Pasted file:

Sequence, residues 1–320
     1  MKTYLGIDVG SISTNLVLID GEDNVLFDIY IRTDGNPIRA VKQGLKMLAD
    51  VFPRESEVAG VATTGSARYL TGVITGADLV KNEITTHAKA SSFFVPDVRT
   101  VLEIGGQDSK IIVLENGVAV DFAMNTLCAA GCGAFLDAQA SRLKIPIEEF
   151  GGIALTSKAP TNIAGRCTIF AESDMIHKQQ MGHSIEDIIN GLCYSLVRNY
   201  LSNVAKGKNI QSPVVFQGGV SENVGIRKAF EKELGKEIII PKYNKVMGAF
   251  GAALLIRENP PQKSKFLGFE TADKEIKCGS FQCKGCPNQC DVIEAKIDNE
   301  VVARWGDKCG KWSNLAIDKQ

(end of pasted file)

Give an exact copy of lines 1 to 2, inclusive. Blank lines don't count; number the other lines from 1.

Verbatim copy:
Sequence, residues 1–320
     1  MKTYLGIDVG SISTNLVLID GEDNVLFDIY IRTDGNPIRA VKQGLKMLAD